"Some of the advantages of soft robotic systems are that they can easily adapt to unstructured environments, or to irregular or soft surfaces, such as the human body," says Professor Yon Visell of UC Santa Barbara (UCSB).
Despite their promise – to date – most soft robots move slowly and clumsily when compared with many conventional robots. However, the gap is narrowing thanks to developments with actuators. Responsible for the mechanical movement of a mechanism or a machine, actuators do their work in various ways, relying on electromagnetic, piezoelectric, pneumatic or other forces.
Prof. Visell and his UCSB collaborators have married the electromagnetic drives used in most conventional robotic systems with soft materials, in order to achieve both speed and softness. "An interesting biological analog to the actuator described in our new work might be a fast twitch muscle," says Prof. Visell.
Prof. Visell explains that the main challenge was to build an actuator that could achieve speeds greater than what has typically been possible with soft robotic actuators, many of which depend on slow processes, such as air flow or thermal effects.
"In this project, we wanted to see how far we could push the idea of having very fast, low-voltage actuation within a fully soft robotic paradigm," he says. They based their work on the electromagnetic motor, a common type of fast and low-voltage actuator that is used in everything from electric cars to appliances, but has seen little effective application in soft robotic systems.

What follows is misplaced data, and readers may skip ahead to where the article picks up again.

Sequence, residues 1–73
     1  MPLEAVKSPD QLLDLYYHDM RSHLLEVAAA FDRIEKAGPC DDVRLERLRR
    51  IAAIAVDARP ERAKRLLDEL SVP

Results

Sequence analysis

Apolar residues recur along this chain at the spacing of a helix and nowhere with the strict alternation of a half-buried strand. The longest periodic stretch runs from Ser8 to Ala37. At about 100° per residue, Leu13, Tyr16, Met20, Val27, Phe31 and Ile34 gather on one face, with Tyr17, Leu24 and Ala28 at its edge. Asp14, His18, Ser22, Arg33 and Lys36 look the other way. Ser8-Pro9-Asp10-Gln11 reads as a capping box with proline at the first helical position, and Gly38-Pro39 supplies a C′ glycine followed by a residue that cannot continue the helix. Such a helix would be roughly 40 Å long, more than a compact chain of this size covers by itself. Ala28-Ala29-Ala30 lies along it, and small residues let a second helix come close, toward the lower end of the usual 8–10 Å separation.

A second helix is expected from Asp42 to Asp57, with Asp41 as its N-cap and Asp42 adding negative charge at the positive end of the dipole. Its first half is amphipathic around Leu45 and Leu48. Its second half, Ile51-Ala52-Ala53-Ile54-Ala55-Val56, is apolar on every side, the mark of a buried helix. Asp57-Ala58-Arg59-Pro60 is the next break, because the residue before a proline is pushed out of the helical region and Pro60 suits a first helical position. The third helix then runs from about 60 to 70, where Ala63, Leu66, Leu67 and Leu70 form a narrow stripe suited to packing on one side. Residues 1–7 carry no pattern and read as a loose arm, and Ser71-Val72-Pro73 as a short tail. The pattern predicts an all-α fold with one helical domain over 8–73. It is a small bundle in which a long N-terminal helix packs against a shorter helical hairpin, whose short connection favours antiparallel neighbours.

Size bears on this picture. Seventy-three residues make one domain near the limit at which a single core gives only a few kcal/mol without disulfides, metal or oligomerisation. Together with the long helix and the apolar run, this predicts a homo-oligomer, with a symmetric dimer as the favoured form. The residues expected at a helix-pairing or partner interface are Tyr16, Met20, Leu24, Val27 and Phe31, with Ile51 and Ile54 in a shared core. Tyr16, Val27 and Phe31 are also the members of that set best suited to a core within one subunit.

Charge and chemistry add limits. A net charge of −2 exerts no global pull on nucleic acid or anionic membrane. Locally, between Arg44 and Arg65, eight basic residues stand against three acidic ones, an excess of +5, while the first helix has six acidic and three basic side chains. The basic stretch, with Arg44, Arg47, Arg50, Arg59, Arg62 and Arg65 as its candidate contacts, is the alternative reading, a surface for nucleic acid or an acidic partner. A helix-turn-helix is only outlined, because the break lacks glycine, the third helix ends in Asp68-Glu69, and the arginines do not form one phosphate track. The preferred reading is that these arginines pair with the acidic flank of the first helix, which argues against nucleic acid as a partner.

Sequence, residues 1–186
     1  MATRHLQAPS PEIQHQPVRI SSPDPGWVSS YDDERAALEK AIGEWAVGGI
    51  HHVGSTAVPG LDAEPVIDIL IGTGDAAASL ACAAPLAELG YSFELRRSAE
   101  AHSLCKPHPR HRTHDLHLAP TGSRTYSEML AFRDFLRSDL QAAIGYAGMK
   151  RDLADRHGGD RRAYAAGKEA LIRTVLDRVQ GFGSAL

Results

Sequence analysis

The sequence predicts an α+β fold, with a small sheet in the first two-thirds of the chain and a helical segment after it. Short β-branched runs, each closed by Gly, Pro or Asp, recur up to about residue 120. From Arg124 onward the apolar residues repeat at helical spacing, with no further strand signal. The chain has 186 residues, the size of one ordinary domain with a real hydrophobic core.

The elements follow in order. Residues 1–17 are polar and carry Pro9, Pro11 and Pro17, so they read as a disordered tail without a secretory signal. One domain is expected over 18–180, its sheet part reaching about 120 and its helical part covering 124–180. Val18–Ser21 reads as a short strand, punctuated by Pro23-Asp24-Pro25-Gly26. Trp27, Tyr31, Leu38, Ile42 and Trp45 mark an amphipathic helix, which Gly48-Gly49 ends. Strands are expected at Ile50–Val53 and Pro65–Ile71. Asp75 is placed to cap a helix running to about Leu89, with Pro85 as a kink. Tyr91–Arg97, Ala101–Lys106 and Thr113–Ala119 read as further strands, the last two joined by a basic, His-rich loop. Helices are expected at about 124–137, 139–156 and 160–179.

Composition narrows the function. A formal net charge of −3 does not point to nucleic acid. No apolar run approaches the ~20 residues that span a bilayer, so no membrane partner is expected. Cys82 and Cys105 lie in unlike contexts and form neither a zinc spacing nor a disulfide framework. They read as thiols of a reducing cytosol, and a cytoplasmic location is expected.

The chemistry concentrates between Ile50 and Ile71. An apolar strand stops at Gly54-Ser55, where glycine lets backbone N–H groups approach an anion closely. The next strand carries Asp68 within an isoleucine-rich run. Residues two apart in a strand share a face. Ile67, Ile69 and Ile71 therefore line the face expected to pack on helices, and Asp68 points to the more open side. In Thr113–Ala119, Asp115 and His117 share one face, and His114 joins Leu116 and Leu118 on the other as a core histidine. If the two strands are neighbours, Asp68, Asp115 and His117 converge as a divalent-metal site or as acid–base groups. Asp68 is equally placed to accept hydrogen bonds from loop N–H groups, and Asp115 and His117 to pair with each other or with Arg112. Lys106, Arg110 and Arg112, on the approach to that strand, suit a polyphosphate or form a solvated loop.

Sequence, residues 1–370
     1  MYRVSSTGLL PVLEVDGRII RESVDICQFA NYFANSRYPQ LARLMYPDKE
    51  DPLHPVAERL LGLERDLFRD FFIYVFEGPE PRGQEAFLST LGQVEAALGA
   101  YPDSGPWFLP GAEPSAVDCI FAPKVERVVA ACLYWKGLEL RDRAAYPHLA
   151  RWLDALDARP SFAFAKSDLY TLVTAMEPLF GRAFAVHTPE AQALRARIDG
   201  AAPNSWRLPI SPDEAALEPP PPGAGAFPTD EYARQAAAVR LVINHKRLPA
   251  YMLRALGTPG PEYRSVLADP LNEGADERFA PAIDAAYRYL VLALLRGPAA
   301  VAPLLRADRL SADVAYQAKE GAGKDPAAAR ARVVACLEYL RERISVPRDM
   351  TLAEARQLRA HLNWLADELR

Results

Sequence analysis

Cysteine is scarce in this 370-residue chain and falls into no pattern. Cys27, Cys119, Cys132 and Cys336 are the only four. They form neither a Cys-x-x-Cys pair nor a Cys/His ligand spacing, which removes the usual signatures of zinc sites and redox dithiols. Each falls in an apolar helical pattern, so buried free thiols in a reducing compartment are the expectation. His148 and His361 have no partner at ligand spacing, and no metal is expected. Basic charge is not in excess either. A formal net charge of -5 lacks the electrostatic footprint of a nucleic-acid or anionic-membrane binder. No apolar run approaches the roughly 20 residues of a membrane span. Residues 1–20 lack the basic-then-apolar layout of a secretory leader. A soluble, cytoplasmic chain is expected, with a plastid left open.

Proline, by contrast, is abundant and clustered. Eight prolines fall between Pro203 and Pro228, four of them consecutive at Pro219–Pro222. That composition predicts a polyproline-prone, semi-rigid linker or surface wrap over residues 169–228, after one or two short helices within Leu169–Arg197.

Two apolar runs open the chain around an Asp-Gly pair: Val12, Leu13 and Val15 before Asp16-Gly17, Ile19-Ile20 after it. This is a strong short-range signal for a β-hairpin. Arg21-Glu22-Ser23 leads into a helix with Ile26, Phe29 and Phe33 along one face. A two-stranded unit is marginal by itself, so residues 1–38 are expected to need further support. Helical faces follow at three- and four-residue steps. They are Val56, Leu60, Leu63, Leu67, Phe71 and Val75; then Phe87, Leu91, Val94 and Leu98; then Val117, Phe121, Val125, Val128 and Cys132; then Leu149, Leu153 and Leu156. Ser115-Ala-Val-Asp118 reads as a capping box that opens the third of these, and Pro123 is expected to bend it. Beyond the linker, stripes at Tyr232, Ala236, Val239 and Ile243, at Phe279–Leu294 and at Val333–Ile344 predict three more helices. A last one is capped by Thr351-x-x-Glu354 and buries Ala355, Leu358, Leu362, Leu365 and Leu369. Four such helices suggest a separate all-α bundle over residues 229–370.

The team claim their work has resulted in an actuator that is fast, low voltage and soft - and also small, just a few millimetres in size. Using liquid-metal alloy conductors encased in hollow polymer fibres and magnetised polymer composites, the researchers created patterned, 3D components that form the basis of soft analogs of standard electrical motors. The fibres themselves are polymer composites that the team engineered to have high thermal conductivity, greatly improving their performance.
"We realised components that are each soft and stretchable, and combined them to create these motor-like structures that can move things," Prof. Visell adds. To demonstrate, they created a tiny, millimetres-wide gripper that can close in just milliseconds, and a soft tactile stimulator that can operate at frequencies of hundreds of cycles per second.
According to the team, the devices could find use in emerging areas such as haptics. "These soft electromagnetic actuators can be used to create tactile displays that conform to human skin, or miniature robotic tools for surgical endoscopy or other medical applications," says Postdoc Thanh Nho Do, who worked on the study alongside Prof. Visell.
"We look forward to applying these new soft robotic technologies in areas ranging from virtual reality, augmented reality, wearable technologies, healthcare and medicine," Prof. Visell concludes. "The horizon is wide open."